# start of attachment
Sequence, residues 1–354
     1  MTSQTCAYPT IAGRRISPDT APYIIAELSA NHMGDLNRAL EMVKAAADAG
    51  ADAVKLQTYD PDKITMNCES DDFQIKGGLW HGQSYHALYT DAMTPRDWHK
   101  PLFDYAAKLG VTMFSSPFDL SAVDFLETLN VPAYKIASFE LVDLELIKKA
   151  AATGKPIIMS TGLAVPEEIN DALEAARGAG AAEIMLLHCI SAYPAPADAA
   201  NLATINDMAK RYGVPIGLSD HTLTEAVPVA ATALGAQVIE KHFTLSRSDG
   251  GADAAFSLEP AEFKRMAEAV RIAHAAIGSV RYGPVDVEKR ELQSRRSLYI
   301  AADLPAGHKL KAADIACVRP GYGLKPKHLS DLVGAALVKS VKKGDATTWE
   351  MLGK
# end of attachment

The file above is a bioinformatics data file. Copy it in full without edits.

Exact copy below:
Sequence, residues 1–354
     1  MTSQTCAYPT IAGRRISPDT APYIIAELSA NHMGDLNRAL EMVKAAADAG
    51  ADAVKLQTYD PDKITMNCES DDFQIKGGLW HGQSYHALYT DAMTPRDWHK
   101  PLFDYAAKLG VTMFSSPFDL SAVDFLETLN VPAYKIASFE LVDLELIKKA
   151  AATGKPIIMS TGLAVPEEIN DALEAARGAG AAEIMLLHCI SAYPAPADAA
   201  NLATINDMAK RYGVPIGLSD HTLTEAVPVA ATALGAQVIE KHFTLSRSDG
   251  GADAAFSLEP AEFKRMAEAV RIAHAAIGSV RYGPVDVEKR ELQSRRSLYI
   301  AADLPAGHKL KAADIACVRP GYGLKPKHLS DLVGAALVKS VKKGDATTWE
   351  MLGK